It is with a great sense of sorrow that I learned of the passing of industry legend, Barton Biggs. He was 79. I was speaking to him only a few weeks ago when I passed through New York for my strategy seminar, attempting to decipher the medium term trends for these fractious and conflicting markets. It is a reminder of how temporary and fleeting life can be.
Barton was a pioneer in the international investment arena and founding father of the modern hedge fund industry. He became famous for calling market bottoms in 1982, 1987, and 2008. He was a colorful and masterful writer who regularly titillated investors with his iconoclastic and out of consensus ideas. Sound familiar?
Barton grew up as a member of the East coast establishment, his father being the chief investment officer of the Bank of New York. He graduated from Yale in 1955 in creative writing and then did a brief stint in the Marine Corps. He next turned to Wall Street and joined E.F. Hutton as a junior broker (remember “When E.F. Hutton speaks, people listen”?).
In 1965 he spun off to create Fairfield Partners, one of the early long/short US equity hedge funds. After several prosperous years, the fund crashed and burned with the collapse of the “Nifty 50”. He later told me that was when he first learned of the six standard deviation move. “The biggest mistake you can make in a bear market is to cover your shorts too soon” he said.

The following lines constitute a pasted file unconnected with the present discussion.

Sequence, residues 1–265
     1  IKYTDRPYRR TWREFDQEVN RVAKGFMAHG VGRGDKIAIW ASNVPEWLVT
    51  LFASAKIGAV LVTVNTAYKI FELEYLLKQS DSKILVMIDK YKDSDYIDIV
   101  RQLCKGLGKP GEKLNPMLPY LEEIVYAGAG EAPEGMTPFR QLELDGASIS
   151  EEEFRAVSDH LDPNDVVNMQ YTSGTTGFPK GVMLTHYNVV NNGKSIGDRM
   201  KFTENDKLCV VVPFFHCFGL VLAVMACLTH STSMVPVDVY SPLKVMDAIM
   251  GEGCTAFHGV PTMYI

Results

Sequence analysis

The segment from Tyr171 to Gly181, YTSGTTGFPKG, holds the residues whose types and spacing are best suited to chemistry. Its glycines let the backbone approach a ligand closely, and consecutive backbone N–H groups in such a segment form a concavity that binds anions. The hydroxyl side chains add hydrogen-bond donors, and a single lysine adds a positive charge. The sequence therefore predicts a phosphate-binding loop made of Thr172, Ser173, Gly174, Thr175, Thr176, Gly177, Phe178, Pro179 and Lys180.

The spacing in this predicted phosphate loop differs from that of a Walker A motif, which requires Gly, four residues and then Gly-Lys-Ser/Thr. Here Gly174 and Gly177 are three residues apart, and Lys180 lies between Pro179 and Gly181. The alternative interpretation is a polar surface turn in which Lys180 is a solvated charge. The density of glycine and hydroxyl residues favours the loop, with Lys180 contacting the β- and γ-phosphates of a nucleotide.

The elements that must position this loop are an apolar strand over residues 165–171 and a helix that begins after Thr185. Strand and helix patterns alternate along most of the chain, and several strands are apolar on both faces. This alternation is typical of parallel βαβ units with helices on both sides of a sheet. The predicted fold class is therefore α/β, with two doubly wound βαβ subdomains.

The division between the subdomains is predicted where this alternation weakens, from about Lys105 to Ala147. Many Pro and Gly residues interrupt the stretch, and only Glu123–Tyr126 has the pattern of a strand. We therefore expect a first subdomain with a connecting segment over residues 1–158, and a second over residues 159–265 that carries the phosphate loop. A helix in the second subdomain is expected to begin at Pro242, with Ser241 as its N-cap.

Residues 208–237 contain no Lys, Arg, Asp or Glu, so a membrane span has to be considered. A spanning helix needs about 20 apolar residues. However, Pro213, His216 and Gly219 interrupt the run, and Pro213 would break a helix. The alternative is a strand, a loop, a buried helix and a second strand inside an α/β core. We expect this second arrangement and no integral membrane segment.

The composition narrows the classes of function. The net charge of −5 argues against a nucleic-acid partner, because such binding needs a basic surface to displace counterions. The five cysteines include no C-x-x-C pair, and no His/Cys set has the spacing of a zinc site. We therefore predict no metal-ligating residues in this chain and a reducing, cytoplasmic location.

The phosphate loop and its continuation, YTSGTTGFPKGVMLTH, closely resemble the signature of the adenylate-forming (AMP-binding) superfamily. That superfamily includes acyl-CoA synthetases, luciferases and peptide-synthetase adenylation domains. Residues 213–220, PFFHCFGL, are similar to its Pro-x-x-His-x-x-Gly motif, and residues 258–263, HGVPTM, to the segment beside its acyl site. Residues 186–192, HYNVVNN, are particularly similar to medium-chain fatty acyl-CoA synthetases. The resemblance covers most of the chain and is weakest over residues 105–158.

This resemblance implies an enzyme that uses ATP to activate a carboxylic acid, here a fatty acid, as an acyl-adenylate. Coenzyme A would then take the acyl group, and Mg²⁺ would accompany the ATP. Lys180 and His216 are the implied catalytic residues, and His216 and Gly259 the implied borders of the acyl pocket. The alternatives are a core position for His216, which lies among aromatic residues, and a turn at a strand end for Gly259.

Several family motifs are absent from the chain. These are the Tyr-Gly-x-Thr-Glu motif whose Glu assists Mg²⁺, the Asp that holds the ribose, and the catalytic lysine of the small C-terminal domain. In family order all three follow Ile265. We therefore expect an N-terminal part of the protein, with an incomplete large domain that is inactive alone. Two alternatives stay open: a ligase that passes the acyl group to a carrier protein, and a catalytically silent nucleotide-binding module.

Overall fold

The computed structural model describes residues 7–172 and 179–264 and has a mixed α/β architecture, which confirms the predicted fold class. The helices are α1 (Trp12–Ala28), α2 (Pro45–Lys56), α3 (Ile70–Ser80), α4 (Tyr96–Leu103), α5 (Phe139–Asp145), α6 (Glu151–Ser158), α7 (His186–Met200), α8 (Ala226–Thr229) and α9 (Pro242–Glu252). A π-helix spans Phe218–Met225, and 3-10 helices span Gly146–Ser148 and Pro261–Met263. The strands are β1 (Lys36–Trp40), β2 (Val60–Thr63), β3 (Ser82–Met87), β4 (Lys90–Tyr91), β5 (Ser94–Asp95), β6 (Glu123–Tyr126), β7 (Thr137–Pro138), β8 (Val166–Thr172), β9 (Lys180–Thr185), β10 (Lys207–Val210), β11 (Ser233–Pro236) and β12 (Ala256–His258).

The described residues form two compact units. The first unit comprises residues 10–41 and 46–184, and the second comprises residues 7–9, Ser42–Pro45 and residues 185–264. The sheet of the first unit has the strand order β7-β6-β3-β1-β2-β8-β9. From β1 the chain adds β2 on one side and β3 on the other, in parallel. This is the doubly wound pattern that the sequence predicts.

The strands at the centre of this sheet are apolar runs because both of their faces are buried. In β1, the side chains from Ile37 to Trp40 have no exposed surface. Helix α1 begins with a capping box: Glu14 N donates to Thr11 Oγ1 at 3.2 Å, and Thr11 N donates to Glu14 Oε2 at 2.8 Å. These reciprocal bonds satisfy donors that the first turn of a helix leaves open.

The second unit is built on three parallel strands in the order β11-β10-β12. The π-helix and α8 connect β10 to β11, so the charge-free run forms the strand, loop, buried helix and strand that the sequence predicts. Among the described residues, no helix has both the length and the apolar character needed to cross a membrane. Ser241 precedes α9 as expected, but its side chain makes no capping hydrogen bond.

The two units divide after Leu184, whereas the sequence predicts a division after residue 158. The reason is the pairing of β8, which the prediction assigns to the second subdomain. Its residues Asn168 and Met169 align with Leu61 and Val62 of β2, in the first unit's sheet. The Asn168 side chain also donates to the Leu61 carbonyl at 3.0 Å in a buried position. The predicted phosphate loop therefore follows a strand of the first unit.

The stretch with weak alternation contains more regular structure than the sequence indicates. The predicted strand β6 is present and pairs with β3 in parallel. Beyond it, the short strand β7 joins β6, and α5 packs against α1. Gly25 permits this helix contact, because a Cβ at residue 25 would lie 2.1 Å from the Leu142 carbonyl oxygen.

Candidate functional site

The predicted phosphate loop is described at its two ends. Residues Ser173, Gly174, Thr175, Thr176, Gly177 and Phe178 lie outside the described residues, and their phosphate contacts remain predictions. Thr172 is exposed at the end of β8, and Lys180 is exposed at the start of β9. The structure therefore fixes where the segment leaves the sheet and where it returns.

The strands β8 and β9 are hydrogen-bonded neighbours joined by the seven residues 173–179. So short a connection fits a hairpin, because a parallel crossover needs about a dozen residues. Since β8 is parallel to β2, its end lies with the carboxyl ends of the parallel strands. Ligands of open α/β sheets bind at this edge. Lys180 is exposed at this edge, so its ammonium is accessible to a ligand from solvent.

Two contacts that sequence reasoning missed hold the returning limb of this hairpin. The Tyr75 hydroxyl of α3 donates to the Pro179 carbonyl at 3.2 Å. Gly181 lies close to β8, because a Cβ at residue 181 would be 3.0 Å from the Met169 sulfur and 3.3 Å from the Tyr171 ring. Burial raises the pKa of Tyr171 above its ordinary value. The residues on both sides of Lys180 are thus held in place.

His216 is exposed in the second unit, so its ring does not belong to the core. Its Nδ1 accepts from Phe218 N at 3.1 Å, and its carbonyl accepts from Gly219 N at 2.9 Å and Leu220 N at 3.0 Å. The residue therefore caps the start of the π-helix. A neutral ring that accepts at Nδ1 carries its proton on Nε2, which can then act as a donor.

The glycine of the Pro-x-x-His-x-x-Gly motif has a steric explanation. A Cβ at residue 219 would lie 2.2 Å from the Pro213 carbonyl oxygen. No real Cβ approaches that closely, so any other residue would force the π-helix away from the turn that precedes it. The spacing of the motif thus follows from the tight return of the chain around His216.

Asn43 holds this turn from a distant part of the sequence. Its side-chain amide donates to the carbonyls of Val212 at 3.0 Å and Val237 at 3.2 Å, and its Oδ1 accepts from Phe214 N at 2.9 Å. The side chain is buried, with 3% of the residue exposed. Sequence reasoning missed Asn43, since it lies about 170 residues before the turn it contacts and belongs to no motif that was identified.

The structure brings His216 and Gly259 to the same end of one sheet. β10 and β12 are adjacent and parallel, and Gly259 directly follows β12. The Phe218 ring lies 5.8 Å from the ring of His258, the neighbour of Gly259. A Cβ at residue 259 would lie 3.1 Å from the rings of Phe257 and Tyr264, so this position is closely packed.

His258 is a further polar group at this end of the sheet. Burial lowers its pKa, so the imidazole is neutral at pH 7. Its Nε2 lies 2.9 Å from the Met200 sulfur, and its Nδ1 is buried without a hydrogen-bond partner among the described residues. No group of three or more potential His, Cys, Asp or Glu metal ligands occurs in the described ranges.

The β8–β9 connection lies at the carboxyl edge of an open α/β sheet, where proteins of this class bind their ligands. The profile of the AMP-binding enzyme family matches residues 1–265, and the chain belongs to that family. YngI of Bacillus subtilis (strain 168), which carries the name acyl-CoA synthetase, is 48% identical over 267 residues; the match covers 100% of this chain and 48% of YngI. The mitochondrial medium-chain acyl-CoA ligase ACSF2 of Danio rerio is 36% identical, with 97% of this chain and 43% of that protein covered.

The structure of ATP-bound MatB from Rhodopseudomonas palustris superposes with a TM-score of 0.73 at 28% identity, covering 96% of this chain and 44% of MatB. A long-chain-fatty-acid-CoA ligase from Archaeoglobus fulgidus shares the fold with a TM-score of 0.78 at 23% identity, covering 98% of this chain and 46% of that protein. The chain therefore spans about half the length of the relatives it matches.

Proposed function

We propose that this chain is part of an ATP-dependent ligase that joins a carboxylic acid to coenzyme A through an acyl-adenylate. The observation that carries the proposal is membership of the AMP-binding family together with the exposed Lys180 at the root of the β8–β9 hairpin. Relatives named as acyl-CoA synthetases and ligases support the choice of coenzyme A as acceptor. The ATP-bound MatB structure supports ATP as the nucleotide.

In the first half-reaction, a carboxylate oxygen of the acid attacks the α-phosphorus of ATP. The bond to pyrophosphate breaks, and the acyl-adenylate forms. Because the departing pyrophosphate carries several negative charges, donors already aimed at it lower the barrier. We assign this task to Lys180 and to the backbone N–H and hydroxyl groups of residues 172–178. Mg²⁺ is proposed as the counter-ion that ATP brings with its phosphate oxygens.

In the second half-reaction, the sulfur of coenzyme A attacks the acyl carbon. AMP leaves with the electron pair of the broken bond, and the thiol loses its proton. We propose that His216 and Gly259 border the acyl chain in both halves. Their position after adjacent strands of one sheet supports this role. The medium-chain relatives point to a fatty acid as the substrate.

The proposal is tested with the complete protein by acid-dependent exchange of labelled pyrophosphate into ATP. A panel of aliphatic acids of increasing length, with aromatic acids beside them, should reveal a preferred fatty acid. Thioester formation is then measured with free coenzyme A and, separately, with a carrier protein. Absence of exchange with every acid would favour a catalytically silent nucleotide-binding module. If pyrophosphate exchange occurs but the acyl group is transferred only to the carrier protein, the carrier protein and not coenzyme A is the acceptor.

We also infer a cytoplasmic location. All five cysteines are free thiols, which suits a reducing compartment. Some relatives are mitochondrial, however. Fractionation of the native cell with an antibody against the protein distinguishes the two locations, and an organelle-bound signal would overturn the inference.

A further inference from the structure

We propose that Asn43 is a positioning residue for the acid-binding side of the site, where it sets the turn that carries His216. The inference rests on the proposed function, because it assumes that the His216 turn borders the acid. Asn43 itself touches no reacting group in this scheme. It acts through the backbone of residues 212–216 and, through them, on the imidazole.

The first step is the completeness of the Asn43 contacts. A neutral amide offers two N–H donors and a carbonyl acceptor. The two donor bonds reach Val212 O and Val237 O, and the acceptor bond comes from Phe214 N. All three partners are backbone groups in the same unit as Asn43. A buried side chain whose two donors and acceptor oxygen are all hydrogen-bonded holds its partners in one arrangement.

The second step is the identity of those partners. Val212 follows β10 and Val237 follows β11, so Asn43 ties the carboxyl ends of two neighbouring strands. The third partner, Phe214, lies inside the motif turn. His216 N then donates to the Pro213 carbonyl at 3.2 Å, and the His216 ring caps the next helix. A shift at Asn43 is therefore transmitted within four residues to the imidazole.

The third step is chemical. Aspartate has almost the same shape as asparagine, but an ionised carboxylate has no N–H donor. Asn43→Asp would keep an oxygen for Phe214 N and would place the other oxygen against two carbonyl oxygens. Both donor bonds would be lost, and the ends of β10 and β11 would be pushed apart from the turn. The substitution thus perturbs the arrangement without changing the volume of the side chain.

In the mid seventies, he was recruited by a small, white shoed, private partnership called Morgan Stanley & Co. to build up an asset management division from scratch. Barton became my friend and mentor when I joined the firm in the early eighties, and I spent the better part of the decade debating every pebble of the investment landscape with him.
Together, we fought a major uphill battle trying to convince a cautious and blinkered management that the firm’s future lies in international and emerging market equities. Getting them to focus on Toyota and Matsushita instead of General Motors and IBM, we felt like Sisyphus endlessly rolling the boulder up a steep mountain.
Barton persevered, and in the following three decades the business grew to $1 trillion in assets along with a world-class global research department. After Morgan Stanley went public, he became a billionaire in his own right. I bailed to start my own hedge fund a few years later.
In 2003, Barton left (MS) to start a new hedge fund, Traxis Partners. We all thought he was crazy at the time, as it was the last thing you would expect a 71 year old to do. This is a business where 30 year olds regularly drop dead of heart attacks from the stress. That was pure Barton. I heard at one point he reached $5 billion in assets.
He became a regular fixture in the media, offering his wisdom and insights in his characteristic gravelly voice. Always the independent thinker, I know he voted for Obama in the last election, at odds with much of Wall Street.
To listen to my last extended interview with Barton where he gave his global view a few years ago on Hedge Fund Radio, please click here. He was tiring even then, and we had to record the show in 15-minute segments so he could rest in between sessions. But he made the extra effort to give my readers an edge on the market. That was pure Barton too.
Barton will be missed by many.